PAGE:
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While R has gained a strong reputation as a package for statistical analysis, The R Student Companion approaches R more completely as a comprehensive tool for scientific computing and graphing. R for Statistics. Published in , the second edition of Statistiques avec R enjoyed great success as an R guidebook in the French-speaking world. Translated and updated, R for Statistics includes a number of expanded and additional worked examples.

Organized into two sections, the book focuses first on the R software, then on the implementation of traditional statistical methods with R. After a short presentation of the method, the book explicitly details the R command lines and gives commented results. Accessible to novices and experts alike, R for Statistics is a clear and enjoyable resource for any scientist.

Shipunov, E. Baldin, P. Volkova, A. Korobejnikov, S. Nazarova, S. Petrov, and V. Nagljadnaja statistika. Ispoljzuem R! DMK Press, Moscow, It is intended to help people who begin to learn statistical methods. All explanations are based on R. The book may also serve as an introduction reference to R. Springer, Collection Pratique R, 1st edition, Les commandes permettant le traitement des exemples sous le logiciel R figurent dans le corps du texte.

Chapman & Hall/CRC Biostatistics Series

R Cookbook. O'Reilly, first edition, Although the R language and environment include everything you need to perform statistical work right out of the box, its structure can often be difficult to master. R Cookbook will help both beginners and experienced statistical programmers unlock and use the power of R. O'Reilly, Each solution gives you just what you need to know to get started with R for basic statistics, graphics, and regression. These solutions were selected from O'Reilly's R Cookbook, which contains more than recipes for R.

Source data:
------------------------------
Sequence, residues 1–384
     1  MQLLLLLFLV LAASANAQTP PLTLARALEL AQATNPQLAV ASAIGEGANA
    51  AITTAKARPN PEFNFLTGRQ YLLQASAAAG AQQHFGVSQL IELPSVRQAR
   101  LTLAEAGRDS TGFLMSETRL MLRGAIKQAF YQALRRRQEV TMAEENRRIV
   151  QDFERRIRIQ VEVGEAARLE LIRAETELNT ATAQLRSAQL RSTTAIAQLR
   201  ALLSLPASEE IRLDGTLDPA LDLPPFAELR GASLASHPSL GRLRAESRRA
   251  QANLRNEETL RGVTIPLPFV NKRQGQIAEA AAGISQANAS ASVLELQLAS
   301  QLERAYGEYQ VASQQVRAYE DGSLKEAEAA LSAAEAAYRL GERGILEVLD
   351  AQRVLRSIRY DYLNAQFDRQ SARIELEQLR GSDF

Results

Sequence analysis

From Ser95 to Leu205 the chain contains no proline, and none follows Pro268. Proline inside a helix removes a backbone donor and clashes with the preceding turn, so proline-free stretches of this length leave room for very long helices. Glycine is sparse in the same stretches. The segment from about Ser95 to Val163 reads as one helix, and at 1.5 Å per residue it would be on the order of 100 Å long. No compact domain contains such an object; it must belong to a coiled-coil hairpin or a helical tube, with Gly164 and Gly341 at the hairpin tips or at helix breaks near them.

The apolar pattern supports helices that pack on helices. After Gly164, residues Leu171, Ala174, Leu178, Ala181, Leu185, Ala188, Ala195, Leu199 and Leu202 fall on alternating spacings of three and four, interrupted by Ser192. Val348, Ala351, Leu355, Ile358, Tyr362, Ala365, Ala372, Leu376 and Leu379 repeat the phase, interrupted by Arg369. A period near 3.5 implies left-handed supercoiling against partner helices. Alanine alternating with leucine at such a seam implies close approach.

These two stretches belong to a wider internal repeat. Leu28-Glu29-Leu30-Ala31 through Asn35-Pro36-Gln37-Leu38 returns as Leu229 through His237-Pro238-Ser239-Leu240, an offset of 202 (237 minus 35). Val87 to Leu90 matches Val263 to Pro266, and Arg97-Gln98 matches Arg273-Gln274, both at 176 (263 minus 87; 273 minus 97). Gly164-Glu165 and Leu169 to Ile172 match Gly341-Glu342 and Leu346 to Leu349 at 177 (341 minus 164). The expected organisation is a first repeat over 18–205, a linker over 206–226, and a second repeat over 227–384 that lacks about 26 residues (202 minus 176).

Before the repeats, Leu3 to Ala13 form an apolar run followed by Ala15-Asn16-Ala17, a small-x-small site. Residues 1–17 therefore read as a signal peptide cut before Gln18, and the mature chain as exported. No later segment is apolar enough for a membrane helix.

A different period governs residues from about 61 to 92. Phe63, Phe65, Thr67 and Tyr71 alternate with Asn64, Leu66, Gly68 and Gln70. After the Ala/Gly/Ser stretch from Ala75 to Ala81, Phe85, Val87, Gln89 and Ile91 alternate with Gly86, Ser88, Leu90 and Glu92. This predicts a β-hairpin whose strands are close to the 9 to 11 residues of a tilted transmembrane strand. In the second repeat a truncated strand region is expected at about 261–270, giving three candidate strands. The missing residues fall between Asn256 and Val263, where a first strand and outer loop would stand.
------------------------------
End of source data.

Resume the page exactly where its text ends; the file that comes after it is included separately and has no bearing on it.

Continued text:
R Graphics, Second Edition. Paul Murrell, widely known as the leading expert on R graphics, has developed an in-depth resource that helps both neophyte and seasoned users master the intricacies of R graphics. The book reviews the graphics facilities of the R language and describes R's powerful grid graphics system.

It then covers the graphics engine, which represents a common set of fundamental graphics facilities, and provides a series of brief overviews of the major areas of application for R graphics and the major extensions of R graphics. Mathematical Statistics with Resampling and R. Wiley, 1st edition, This book shows how to apply modern resampling techniques to mathematical statistics. Extensively class-tested to ensure an accessible presentation, Mathematical Statistics with Resampling and R utilizes the powerful and flexible computer language R to underscore the significance and benefits of modern resampling techniques.